|DO NOT PUBLISH
This case disposition has no value as precedent and is not intended for publication. Any publication, either in print or electronically, is contrary to the intent and wishes of the court.
IN THE UNITED STATES BANKRUPTCY COURT
FOR THE NORTHERN DISTRICT OF CALIFORNIA
GEORGE and DORIS DRITSAS, No. 94-10759
v. A.P. No. 95-1069
GEORGE and DORIS DRITSAS,
Memorandum of Decision
Plaintiff Julian Cohen was a tenant in a commercial building in Marin County owned by
debtors and defendants George and Doris Dritsas. In June, 1993, Cohen entered into a contract
with George Dritsas to purchase the building. The agreement provided that Cohen would pay
Dritsas $24,000.00 at that time, outside of escrow, as a down payment. Their agreement
provided that if Cohen became entitled to refund of the deposit but Dritsas could not pay it, then
Cohen would have the right to set off the deposit against the rent he was obligated to pay.
Cohen was unable to obtain financing to consummate the purchase. On August 16, Dritsas
agreed to extend the contract in return for an additional $20,000.00 deposit, on essentially the
same terms as before, except that Dritsas also agreed to take back a $50,000.00 second deed of
trust to assist Cohen in obtaining financing.
Thereafter, Cohen did obtain financing but Dritsas was uncooperative in closing the sale.
Dritsas never closed the sale, and he and his wife filed a Chapter 7 bankruptcy petition. Cohen
set off $28,000.00 in rent as the parties agreed. By this adversary proceeding, Cohen seeks a
nondischargeable judgment in the amount of about $130,000.00. The court finds no merit in his
There is no doubt that Dritsas breached his contract with Cohen. However, even an
intentional breach of contract does not render a debt nondischargeable. In re Riso
, 978 F.2d 1151
(9th Cir.1992). This action is a nothing but a breach of contract action dressed up as an action
for fraud under section 523(a)(2) of the Bankruptcy Code. However, Cohen has proved no fraud.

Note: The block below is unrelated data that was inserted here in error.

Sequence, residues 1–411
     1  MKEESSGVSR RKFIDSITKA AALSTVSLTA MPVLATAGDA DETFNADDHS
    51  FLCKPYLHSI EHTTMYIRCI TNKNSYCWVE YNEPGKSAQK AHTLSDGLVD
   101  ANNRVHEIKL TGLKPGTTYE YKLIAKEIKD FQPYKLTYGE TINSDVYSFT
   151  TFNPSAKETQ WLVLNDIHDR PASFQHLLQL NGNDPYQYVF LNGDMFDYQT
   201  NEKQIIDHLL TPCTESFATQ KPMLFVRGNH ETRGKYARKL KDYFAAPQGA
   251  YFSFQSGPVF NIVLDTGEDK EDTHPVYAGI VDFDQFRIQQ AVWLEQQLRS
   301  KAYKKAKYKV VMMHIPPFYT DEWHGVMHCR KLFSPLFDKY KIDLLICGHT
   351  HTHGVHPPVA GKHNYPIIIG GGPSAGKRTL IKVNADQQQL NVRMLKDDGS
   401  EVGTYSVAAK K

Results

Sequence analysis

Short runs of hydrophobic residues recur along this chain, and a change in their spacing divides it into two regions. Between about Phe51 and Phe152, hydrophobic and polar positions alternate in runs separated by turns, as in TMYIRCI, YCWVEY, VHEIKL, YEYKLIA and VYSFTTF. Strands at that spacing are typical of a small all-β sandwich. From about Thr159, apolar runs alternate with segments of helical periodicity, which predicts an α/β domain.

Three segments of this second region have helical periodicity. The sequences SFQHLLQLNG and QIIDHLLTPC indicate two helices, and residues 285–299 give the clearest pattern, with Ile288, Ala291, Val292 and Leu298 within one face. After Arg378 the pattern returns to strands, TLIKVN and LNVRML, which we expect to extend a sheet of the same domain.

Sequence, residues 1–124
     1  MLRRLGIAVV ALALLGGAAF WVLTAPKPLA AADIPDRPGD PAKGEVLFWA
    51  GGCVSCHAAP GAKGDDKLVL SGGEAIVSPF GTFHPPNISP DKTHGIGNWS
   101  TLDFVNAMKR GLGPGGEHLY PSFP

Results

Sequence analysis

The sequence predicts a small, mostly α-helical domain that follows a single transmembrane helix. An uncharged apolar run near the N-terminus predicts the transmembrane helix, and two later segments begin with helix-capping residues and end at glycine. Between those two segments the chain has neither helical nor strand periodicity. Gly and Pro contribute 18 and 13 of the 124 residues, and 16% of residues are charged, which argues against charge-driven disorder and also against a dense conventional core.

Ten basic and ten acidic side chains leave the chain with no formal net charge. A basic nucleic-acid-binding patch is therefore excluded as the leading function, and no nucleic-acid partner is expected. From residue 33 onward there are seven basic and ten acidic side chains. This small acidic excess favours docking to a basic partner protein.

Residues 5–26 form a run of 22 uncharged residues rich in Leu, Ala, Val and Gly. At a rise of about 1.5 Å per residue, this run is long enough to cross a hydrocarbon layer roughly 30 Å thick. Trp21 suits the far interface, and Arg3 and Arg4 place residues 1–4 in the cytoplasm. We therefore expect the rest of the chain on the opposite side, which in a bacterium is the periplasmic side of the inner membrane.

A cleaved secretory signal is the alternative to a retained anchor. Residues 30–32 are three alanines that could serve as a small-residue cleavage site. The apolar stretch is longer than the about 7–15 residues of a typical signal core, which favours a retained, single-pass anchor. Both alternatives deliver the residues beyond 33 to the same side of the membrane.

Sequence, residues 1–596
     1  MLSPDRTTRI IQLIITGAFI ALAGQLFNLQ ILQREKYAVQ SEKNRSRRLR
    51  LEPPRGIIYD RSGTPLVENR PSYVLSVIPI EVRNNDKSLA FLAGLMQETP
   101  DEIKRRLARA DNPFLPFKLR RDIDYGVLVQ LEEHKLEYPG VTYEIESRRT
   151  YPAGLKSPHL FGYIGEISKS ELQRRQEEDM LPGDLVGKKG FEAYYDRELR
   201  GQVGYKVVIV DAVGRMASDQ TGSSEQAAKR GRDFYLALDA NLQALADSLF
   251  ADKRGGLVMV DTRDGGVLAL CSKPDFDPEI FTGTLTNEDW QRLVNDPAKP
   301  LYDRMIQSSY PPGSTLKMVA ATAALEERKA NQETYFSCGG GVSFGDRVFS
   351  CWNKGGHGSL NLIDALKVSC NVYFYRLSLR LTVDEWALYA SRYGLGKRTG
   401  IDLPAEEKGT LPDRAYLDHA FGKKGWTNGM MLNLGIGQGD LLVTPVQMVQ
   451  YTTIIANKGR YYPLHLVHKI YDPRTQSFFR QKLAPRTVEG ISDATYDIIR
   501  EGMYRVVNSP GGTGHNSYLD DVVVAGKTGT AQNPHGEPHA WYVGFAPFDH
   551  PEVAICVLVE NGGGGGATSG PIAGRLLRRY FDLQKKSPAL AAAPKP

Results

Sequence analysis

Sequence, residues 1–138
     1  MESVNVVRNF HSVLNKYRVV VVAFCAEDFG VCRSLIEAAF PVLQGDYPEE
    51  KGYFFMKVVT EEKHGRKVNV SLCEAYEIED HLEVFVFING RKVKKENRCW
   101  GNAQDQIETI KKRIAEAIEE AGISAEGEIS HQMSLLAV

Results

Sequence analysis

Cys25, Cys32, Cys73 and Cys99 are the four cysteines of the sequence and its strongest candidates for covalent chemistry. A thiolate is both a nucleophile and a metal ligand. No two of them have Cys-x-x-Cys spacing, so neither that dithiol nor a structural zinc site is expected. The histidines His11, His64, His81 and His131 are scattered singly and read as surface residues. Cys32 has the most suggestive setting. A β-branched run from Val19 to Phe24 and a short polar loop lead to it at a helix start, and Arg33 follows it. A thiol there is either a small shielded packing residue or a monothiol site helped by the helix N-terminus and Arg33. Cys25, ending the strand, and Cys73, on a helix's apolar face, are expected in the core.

The court begins by noting that among his other damages Cohen sought recovery of the full
$44,000.00 he paid in earnest money even though he recovered most of it by setting it off against
his rent. This disingenuous position did not help his case.
Cohen has no tenable argument whatsoever as to the initial $24,000.00 payment. Dritsas
clearly wanted to sell, and conducted himself in good faith. The sale was not consummated
pursuant to the original agreement only because Cohen was unable to obtain financing.
Cohen's argument as to the second payment of $20,000.00 is that Dritsas then agreed to take
back a $50,000.00 second. It later became apparent that because of a judgment lien and property
taxes against the property there would not be enough cash to close if Dritsas took back a
$50,000.00 note. While it appears in hindsight that the escrow could not be closed without some
modification to the agreement, Cohen has failed to prove that Dritsas acted with fraudulent
intent. It is more likely that Dritsas thought that he could consummate the sale even taking back
a second, either because he was not thinking about the liens or because he believed that a member
of his family would help by purchasing the second. Dritsas agreed to take back the second to
assist Cohen in making the purchase, not to defraud Cohen out of his money. In fact, Cohen had
a ready method of recouping his payments under the contract.
Having failed to prove fraud, Cohen shall recover nothing by his complaint which shall be
dismissed with prejudice. Dritsas shall recover his costs of suit.
This memorandum constitutes the court's findings and conclusions pursuant to FRCP 52(a)
and FRBP 7052. Counsel for Dritsas shall submit an appropriate form of judgment forthwith.
Dated: February 28, 1996 _______________________